By : Amaya Flaherty-Lewis
Leap year starts on Wednesday, January 1st in 2020, and ends on Thursday, December 31st. Leap years have 366 days, instead of the regular 365 days we get in other years. We use leap years to keep our calendar in sync with the seasons or Earth’s revolutions around the Sun. The Earth revolves around the Sun approximately 365.25 days, so to make sure that a calendar year is the same as a regular year (the period of Earth’s revolution) there needs to be an extra day.We have leap years every 4 years.
How did leap year originate, then? The Gregorian calendar is the calendar used in most of the world and was named after Pope Gregory XIII, whom introduced it in October 1582. The Gregorian calendar is closely based off of the Julian calendar, which was introduced by Julius Caesar in 45 B.C. The Julian calendar featured a 12-month, 365-day year, with an intercalary day inserted every fourth year at the end of February to make an average year of 365.25 days.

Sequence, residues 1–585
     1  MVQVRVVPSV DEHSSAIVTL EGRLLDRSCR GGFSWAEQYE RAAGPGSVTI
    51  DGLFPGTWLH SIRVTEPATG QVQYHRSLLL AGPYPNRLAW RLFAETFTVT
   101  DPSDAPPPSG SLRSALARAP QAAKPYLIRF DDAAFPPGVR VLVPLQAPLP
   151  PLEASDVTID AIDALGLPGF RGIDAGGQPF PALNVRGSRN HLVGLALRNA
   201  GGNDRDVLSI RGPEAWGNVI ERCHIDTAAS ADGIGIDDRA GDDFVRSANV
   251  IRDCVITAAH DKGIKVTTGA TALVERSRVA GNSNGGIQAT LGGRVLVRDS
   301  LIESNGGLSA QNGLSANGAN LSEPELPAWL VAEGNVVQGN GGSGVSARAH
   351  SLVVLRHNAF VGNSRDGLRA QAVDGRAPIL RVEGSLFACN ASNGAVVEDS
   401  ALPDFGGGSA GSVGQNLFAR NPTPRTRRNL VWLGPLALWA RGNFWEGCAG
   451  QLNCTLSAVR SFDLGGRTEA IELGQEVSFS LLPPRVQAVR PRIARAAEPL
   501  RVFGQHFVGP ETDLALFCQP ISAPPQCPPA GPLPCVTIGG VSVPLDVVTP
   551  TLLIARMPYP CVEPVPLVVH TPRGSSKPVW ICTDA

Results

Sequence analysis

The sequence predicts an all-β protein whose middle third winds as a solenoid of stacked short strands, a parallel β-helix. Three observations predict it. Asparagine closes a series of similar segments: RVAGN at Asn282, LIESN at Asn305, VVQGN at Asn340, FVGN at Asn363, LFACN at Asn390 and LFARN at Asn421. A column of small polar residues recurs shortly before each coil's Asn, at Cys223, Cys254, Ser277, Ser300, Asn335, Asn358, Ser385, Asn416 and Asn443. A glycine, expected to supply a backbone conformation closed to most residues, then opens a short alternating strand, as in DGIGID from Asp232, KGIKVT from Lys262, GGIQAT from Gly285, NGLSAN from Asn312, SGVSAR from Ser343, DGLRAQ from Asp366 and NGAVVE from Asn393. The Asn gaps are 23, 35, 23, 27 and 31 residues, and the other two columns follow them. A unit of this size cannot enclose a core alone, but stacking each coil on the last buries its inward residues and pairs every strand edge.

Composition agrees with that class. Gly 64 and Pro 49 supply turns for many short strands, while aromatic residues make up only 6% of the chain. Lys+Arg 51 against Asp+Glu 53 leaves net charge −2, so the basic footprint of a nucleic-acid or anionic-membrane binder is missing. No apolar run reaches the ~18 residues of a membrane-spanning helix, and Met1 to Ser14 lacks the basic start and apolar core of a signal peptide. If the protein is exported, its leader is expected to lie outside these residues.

The first leap year was in 1752 in Britain, when 11 days were “lost” from the month of September with the adoption of the Gregorian calendar by Britain and their colonies, at the time. Since Roman general Julius Caesar introduced the first leap years over 2,000 years ago with the Julian calendar, this makes him the inventor of it.
People born on February 29th are called “leaplings” or a “leaper,” or a “leap-year baby.” In non-leap years, some leap-year babies celebrate their birthday on either February 28th or March 1st, while others only observe birthdays on the authentic intercalary date, February 29th. When they celebrate their birthday is up to them.